Seeing this CGI image of the erecting of the Statue of Liberty in the commercial of this new documentary, I was naturally intrigued to at least watch the first installment of this series. If you are a history buff, particularly, American history, you will like it well enough. It's loaded with colorful CGI visuals and lively re-enactments of pivotal moments in the birth of the U.S.of A.
'The Story of US' is compellingly told and depicted. I did learn snatches of history that I never knew before-such as,
10% of Americans can trace their ancestry down to the Pilgrims on the Mayflower. When pushing thanksgiving, for the most part they've only talked Turkey. The Powkanoket tribe that discovered the pilgrims on their land were a friendly bunch for sure, but my big guess is they weren't stupid. They have dealt with the 'white men' before and even lost many to the plagues brought in by them. They were warring with a rival tribe and saw that the Pilgrims could be of use to them.
The Pilgrims, on the other hand were dropping like flies. More than half of them died in the first three months of landing there. They needed the food resources and farming and hunting skills that the Powkanokets could provide. The Pilgrims learned to fight and helped the Powkanokets defeat their enemies. Thus resulting in a nice, friendly meal. Okay, that's a very loose, generalized history lesson, but you get the idea.
What else was new to me? At The Landing of Kip's bay in Manhattan, over 4000 British troops came by sea to attack the Rebels. It was the biggest attack to hit Manhattan and was only superseded by the Twin Tower attacks in 2001.
I had little idea that the British took prisoners of war from the Rebels while in New York. Over three times as many Rebel soldiers died on these 'prison ships' than in actual battles! One interesting opinion was how General Washington won the war not necessarily by fighting skills, but by the fact that he outspied his enemy. They even had women spying and sending messages with the way they hung laundry and the placement of the clothing pins.
Here you have a whole legend built upon a man who 'cannot tell a lie.' But was a master of deception. Still, Washington was a brilliant General, who continually forced his soldiers to learn new strategies and war techniques, such as employing rugged and street-smart frontiersmen and early cowboys as sharpshooters and covert soldiers with improved and accurate weaponry to defeat the British in the dense forests. It was a brand new way of fighting-clandestine and dirty.
When the soldiers started dying of smallpox in Valley Forge during the rough winter, Washington used an inoculation technique learned from the African slaves. He had small amounts of pus taken from a small pox victim put into the open wounds of the healthier soldiers. The strategy worked, bringing the death toll from the thousands to the dozens.
The first 2-hour segment delves into the earliest settlers from Jamestown, to the Mayflower and then jumps into the Revolutionary war, when America was finally coming into it's own as a fledgling nation. Of course, being the smart aleck, I could only think of the chapter title in the book I last pushed on my readers, 'The smart aleck's guide to American History' and how the Colonists are revolting...seriously smelly that is.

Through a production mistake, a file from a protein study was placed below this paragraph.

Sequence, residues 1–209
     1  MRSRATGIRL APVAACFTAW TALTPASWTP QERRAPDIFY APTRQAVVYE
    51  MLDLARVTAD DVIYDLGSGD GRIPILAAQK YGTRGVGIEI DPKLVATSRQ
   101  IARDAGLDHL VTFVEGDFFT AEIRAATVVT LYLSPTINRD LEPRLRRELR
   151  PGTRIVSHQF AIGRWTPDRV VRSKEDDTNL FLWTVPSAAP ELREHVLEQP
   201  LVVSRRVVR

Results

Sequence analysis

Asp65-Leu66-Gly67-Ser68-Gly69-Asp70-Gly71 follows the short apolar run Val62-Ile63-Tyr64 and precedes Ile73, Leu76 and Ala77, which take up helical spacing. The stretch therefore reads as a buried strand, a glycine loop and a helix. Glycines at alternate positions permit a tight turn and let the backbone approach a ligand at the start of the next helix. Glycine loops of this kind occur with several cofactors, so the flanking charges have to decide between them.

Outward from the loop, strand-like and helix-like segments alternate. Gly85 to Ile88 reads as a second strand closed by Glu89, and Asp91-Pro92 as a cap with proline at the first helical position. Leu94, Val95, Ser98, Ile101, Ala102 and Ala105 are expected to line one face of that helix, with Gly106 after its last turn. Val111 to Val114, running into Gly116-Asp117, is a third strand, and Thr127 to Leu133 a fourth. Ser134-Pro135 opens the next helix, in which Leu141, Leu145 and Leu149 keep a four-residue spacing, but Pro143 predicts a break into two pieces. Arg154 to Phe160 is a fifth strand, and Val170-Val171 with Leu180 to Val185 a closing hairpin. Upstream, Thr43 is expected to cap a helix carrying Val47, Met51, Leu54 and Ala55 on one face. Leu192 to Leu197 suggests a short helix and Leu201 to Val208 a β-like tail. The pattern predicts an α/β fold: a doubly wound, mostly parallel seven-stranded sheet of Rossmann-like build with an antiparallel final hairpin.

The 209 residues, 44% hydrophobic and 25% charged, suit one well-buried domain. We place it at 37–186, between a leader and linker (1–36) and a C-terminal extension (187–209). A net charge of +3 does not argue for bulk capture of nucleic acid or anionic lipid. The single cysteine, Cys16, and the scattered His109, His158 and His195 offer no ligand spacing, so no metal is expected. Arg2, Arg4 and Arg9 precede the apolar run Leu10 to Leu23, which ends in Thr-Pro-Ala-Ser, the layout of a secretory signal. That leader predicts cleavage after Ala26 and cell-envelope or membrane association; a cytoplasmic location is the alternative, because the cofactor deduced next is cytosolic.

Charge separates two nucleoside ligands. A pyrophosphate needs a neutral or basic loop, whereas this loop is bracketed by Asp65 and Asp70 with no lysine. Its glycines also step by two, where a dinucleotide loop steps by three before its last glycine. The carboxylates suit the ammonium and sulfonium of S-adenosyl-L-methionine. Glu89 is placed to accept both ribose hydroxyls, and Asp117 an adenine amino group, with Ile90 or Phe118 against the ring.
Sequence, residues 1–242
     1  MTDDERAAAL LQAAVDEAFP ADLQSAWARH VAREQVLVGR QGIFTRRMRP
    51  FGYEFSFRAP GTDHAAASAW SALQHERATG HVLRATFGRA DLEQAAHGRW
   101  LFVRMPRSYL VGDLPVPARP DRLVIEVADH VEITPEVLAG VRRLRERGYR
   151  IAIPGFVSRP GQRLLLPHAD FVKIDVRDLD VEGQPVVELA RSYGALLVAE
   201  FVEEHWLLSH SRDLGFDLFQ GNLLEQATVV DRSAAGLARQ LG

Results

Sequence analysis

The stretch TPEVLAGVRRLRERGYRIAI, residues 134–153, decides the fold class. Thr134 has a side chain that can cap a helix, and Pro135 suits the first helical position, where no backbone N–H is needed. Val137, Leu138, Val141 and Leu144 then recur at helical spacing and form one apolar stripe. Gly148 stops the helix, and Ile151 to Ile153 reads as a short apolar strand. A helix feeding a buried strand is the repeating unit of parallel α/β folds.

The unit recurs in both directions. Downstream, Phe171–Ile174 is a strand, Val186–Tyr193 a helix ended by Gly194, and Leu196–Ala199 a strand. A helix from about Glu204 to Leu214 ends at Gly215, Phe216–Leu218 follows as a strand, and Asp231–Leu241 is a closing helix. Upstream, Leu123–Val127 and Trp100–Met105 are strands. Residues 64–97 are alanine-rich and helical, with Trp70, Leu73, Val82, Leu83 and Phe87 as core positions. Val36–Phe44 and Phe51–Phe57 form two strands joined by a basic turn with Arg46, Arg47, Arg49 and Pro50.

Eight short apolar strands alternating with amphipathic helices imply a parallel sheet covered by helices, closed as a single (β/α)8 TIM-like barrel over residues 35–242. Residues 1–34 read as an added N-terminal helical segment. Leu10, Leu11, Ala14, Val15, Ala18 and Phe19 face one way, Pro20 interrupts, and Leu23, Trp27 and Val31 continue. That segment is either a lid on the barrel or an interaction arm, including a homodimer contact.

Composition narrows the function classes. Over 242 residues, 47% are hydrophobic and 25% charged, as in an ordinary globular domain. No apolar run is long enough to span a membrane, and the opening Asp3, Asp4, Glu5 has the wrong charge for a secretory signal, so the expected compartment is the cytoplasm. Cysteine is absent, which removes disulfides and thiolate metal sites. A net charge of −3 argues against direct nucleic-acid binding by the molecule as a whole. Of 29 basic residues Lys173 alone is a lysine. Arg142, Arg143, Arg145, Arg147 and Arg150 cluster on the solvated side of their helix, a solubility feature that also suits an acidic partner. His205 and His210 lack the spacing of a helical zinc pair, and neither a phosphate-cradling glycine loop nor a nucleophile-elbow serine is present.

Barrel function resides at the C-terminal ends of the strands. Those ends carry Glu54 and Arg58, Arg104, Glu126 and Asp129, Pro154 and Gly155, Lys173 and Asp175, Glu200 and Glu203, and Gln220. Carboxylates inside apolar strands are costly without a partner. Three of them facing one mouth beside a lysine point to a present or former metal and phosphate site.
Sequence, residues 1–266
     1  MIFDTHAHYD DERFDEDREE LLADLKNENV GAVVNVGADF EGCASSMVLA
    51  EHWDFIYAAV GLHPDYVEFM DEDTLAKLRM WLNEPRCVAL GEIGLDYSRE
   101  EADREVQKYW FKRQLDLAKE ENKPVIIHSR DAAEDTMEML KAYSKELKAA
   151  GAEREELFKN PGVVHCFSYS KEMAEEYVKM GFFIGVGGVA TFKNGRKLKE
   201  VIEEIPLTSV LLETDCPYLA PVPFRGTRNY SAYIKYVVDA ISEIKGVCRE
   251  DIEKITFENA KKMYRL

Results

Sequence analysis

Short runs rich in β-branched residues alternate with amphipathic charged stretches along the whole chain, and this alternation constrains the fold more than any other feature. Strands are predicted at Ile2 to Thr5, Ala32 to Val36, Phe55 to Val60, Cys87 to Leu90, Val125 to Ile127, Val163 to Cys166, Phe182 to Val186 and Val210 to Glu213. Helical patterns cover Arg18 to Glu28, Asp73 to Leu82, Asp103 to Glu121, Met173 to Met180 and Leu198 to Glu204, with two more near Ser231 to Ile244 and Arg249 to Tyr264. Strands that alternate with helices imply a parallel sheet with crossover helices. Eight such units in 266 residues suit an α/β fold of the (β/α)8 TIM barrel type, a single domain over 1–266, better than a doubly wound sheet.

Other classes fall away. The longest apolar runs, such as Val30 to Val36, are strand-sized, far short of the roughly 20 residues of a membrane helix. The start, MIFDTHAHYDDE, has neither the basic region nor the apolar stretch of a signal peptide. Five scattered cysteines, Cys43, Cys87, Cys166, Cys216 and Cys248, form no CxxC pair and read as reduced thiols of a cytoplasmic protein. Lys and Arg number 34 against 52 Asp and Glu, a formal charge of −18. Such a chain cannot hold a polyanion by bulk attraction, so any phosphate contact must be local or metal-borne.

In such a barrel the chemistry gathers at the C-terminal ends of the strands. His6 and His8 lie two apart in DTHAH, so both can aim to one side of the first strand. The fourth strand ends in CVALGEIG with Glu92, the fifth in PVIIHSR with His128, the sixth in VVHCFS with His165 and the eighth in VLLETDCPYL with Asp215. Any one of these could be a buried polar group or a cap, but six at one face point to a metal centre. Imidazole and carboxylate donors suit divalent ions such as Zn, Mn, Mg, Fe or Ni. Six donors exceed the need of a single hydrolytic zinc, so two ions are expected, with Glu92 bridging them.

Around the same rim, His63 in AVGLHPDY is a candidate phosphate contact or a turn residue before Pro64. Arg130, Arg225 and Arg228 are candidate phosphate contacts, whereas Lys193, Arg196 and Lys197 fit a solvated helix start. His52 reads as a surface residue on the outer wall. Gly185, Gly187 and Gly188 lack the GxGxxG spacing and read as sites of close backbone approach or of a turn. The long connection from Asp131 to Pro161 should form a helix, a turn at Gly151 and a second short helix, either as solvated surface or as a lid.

This segment traces the growth of the nation, but pretty much ignores the atrocities commited by the early American settlers to prosper, namely, wiping out tribes and scores of Native Americans with disease, deceit and outright murder...but that's for another documentary folks! The poor Native Americans always get the short end of the stick. It makes me curious as to how the issue of Slavery will be handled, if Slavery is made an issue at all. It most likely will since the Civil War is not far behind the Revolutionary one. It sort of boggles the mind how after all this talk of revolution and uniting as 'one nation' the country is then driven to war between themselves.
Watching this series is like having your 7th grade history class come to life. I know Jeffrey Jones would have been entranced!
I sort of lost interest in the last half hour of this segment when it just went on and on showing battles between peasant dressed Rebels and proud British Redcoats shooting muskets and driving each other through with bayonettes...another new tactic learned during those years. It's not as gruesome as it sounds. The violence in the series is very carefully presented for the sake of telling the history, but not grossing us out.
I'm not particularly a huge fan of the History Channel. In my opinion it should be called 'The WAR Network.' I've come to see that when you strip away all the rest, history itself is just war after war after war after war after...well, you get the point. There is no true peace...only 'peace time.'
The next installment focuses on the Pioneers. And to quote another hilarious line from the Smart Aleck Guide..
'Go West young man...
and stink up some other part of the country!'
America: The Story of US airs Sundays at 9:00pm, in two hour blocks. That's EST time folks, so check your local listings. It also has repeat showings throughout the week. The documentary itself is 9 hours long. That is fascinating, because I remember documentaries on the Old West alone being over eight parts or longer. I particularly can't wait for the parts on the Gilded Age of the Industrial Revolution, where invention, greed, and corruption reigned supreme! Yay!
So, I did my historical and Voyager duty by telling you about this documentary, all in all, it was an interesting way to spend Sunday night, adding more facts to the brain and fuel to the rabid Voyagers fans to conjure up more ideas. :P